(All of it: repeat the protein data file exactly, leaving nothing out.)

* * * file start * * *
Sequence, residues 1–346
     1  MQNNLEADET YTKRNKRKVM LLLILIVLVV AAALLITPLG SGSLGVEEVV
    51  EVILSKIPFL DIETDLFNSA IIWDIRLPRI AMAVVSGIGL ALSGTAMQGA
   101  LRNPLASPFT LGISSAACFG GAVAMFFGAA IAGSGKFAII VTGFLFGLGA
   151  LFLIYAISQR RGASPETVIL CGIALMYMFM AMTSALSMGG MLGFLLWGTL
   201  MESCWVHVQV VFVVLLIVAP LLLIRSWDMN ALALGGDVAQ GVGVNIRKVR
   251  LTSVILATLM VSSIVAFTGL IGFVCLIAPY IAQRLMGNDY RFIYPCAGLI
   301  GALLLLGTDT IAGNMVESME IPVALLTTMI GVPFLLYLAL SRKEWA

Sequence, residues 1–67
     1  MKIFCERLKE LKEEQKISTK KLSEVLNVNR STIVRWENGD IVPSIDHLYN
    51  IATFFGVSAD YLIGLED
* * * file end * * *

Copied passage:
Sequence, residues 1–346
     1  MQNNLEADET YTKRNKRKVM LLLILIVLVV AAALLITPLG SGSLGVEEVV
    51  EVILSKIPFL DIETDLFNSA IIWDIRLPRI AMAVVSGIGL ALSGTAMQGA
   101  LRNPLASPFT LGISSAACFG GAVAMFFGAA IAGSGKFAII VTGFLFGLGA
   151  LFLIYAISQR RGASPETVIL CGIALMYMFM AMTSALSMGG MLGFLLWGTL
   201  MESCWVHVQV VFVVLLIVAP LLLIRSWDMN ALALGGDVAQ GVGVNIRKVR
   251  LTSVILATLM VSSIVAFTGL IGFVCLIAPY IAQRLMGNDY RFIYPCAGLI
   301  GALLLLGTDT IAGNMVESME IPVALLTTMI GVPFLLYLAL SRKEWA

Sequence, residues 1–67
     1  MKIFCERLKE LKEEQKISTK KLSEVLNVNR STIVRWENGD IVPSIDHLYN
    51  IATFFGVSAD YLIGLED